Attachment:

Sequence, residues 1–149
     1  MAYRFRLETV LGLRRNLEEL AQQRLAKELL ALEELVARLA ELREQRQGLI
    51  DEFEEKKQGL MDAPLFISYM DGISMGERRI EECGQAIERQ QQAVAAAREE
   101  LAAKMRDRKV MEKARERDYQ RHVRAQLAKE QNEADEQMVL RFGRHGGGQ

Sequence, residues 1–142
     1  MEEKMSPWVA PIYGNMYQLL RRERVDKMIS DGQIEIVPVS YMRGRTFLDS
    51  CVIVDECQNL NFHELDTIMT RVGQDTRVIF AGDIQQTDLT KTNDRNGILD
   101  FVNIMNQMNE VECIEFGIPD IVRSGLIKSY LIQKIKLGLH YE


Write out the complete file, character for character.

Sequence, residues 1–149
     1  MAYRFRLETV LGLRRNLEEL AQQRLAKELL ALEELVARLA ELREQRQGLI
    51  DEFEEKKQGL MDAPLFISYM DGISMGERRI EECGQAIERQ QQAVAAAREE
   101  LAAKMRDRKV MEKARERDYQ RHVRAQLAKE QNEADEQMVL RFGRHGGGQ

Sequence, residues 1–142
     1  MEEKMSPWVA PIYGNMYQLL RRERVDKMIS DGQIEIVPVS YMRGRTFLDS
    51  CVIVDECQNL NFHELDTIMT RVGQDTRVIF AGDIQQTDLT KTNDRNGILD
   101  FVNIMNQMNE VECIEFGIPD IVRSGLIKSY LIQKIKLGLH YE